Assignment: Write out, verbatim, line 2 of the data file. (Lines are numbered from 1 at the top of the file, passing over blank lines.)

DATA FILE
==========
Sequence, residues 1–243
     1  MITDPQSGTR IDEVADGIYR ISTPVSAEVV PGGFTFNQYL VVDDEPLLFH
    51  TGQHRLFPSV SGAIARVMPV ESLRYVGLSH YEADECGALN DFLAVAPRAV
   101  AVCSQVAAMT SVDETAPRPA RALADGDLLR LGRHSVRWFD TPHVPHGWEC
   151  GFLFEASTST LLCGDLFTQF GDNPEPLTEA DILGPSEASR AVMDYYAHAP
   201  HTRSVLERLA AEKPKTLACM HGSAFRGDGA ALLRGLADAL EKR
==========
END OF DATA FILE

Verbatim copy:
     1  MITDPQSGTR IDEVADGIYR ISTPVSAEVV PGGFTFNQYL VVDDEPLLFH